Social media heightens the push-pull of anxiety where seeing others having fun makes us question our acceptance by peers, our productivity or success, and long to be fulfilled in the same way. Perhaps what haunts us about FOMO is not being left out, but missing out on possibility or opportunity. Kierkegaard explains:
“Because it is possible to create — creating one’s self, willing to be one’s self… — one has anxiety. One would have no anxiety if there were no possibility whatever.”
Comparing ourselves to others highlights our own unmet possibilitiessuch as being “happy,” having a perfect family, being the most liked, or completing a life path we abandoned. FOMO makes us more aware of our yearnings for buried desires, our possibilities, under the superlatives we impose on ourselves.
Heinrich Vogeler, “Sehnsucht” (Träumerei) c1900. Wikimedia Commons
Sehnsucht: Song: “Sehnsucht”, Richard Strauss, Performed by Louise Alder
Sehnsucht transitions us to a different inflection of longing. It describes a sickness from a combination of longing, yearning, and nostalgia for someone, such as a loved one, or something, such as one’s homeland.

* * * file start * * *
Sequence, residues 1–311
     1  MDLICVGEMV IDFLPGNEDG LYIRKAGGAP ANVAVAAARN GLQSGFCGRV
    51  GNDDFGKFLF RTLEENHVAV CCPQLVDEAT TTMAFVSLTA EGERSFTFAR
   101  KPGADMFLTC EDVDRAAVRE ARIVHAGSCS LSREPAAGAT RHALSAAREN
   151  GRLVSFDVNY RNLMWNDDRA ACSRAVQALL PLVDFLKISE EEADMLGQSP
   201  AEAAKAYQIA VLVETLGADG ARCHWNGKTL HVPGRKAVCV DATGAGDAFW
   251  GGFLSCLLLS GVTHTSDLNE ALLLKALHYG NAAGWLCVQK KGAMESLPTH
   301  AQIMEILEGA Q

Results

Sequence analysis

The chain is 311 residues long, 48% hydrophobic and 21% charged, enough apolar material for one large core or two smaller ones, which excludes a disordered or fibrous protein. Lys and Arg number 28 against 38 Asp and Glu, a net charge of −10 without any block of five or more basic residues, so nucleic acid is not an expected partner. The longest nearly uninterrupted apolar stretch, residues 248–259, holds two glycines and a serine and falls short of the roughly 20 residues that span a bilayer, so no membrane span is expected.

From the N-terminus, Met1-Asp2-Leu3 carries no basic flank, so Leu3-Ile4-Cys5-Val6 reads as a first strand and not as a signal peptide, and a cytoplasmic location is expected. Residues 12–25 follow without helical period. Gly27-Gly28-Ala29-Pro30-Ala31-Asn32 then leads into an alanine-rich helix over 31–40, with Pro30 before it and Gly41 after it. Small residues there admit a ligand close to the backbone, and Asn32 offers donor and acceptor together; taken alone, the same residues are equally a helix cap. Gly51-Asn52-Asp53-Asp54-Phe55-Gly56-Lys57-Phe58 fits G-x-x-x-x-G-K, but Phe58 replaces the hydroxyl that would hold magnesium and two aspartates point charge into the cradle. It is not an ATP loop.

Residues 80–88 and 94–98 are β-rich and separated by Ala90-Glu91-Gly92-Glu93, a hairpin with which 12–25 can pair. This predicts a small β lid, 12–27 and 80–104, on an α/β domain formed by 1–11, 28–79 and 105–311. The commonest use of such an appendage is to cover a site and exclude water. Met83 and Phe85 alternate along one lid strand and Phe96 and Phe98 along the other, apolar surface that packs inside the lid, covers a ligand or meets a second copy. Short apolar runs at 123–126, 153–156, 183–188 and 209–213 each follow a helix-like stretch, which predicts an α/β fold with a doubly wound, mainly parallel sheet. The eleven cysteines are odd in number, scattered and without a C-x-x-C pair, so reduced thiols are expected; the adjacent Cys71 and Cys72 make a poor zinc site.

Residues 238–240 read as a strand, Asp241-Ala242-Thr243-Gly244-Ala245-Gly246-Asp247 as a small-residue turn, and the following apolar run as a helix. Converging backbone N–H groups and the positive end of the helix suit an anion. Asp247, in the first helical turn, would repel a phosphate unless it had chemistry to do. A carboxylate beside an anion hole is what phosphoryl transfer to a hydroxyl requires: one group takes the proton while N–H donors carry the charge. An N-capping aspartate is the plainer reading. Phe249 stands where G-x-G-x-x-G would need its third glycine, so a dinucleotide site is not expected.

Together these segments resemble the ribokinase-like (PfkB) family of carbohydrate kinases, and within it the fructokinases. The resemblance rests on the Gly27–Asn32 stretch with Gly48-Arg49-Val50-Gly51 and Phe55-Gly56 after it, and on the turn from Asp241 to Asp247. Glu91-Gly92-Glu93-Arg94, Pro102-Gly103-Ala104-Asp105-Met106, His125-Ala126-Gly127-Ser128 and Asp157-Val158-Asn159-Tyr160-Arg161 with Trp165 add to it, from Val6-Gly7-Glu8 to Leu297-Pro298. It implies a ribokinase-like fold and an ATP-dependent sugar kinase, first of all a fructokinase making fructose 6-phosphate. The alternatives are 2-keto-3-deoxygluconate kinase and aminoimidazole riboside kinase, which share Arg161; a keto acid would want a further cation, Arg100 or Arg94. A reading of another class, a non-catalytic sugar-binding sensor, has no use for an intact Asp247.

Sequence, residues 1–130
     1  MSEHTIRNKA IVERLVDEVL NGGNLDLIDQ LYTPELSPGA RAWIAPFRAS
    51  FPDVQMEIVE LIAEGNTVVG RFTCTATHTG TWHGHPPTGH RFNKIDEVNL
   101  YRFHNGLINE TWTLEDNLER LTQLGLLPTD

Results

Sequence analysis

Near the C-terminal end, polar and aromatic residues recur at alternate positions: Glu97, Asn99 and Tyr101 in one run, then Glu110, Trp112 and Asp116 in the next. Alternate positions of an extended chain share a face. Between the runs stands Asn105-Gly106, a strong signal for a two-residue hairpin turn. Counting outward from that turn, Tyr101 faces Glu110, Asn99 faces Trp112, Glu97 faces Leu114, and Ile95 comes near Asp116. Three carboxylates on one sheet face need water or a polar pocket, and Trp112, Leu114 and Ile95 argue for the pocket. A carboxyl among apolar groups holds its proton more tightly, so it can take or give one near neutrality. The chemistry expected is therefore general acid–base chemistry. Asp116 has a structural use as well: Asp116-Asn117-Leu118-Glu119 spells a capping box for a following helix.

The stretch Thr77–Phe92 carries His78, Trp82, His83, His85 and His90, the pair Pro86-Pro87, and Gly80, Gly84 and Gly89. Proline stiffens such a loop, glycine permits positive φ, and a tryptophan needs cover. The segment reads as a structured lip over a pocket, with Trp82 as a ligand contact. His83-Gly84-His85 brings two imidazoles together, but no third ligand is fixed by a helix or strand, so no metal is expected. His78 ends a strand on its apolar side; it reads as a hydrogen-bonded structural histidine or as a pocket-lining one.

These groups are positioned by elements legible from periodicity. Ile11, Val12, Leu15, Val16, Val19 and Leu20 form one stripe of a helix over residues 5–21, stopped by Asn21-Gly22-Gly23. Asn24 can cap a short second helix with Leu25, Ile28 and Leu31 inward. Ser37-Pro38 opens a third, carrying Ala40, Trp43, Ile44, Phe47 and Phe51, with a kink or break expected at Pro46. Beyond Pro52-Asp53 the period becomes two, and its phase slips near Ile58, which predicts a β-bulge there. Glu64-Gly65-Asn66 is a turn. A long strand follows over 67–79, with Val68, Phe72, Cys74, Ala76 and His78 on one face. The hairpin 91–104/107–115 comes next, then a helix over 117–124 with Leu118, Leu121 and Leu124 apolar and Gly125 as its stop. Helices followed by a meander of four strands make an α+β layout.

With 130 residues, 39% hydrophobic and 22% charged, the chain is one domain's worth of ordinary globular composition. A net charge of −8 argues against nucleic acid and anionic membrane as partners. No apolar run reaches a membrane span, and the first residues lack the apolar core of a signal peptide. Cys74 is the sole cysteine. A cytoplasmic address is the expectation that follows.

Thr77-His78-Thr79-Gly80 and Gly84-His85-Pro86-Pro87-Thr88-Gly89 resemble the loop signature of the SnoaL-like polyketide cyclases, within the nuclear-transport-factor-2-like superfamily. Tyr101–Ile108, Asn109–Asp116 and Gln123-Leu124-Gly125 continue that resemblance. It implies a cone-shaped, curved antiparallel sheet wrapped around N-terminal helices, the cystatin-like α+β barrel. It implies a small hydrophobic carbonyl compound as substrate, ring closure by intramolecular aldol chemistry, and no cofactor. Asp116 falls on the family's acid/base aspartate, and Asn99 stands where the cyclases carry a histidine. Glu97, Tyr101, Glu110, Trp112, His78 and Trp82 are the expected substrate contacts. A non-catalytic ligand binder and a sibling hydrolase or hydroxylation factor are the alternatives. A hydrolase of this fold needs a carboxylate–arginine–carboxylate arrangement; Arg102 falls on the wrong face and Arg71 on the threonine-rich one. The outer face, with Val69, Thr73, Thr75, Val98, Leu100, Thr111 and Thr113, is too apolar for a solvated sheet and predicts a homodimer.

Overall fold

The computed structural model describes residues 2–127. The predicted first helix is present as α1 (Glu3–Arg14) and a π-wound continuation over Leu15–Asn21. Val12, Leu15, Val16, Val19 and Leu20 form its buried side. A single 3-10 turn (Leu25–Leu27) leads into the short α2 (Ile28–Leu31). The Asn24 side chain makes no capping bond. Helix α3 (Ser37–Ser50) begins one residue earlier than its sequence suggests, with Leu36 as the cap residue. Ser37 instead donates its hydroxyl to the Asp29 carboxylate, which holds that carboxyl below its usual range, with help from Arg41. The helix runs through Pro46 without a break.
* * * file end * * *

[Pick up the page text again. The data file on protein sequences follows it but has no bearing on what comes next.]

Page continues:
Psychologists have undergone studies to understand sehnsucht in Germany and the US based on the conceptualization of the term as:
“(a) utopian conceptions of ideal development; (b) sense of incompleteness and imperfection of life; (c) conjoint time focus on the past, present, and future; (d) ambivalent (bittersweet) emotions; (e) reflection and evaluation of one’s life; and (f) symbolic richness”.
The utopian element suggests the function of sehnsucht is to give life direction and purpose, as does anxiety in Kierkegaard’s functional conceptualization of anxiety.
Almeida Júnior, “Saudade”, 1899. Wikimedia Commons
Song: “Chega de Saudade” by Joao Gilberto
The subject of countless songs and works of art worldwide, saudade is the Portuguese-Galician word for the bittersweet sense of nostalgia for the past, something yet to happen or something that will never happen again. It is a simultaneous apprehension of past, present and future. The Latin Times beautifully captures the sentiments of saudade, which:
“connotes deep impressions on the heart, overall sadness, emotional sickness, deep and bittersweet remorse, penetrating yearning, or a craving to reclaim memory, passion, fervor, love and closeness.”
Portuguese writer Manuel de Melo called it “a pleasure you suffer, an ailment you enjoy” and the term has been likened to “the blues”.
Saudade so easily finds its home in music because:
the soulfulness that music offers makes it the most fitting platforms for saudade to be felt. The rhythm and the words are coordinated; in sync with that longing… the words soar, mirroring the spirit-stirring gist of the word.
Saudade has similar existential undertones of anxiety in the perceived divide between self and (desired) object: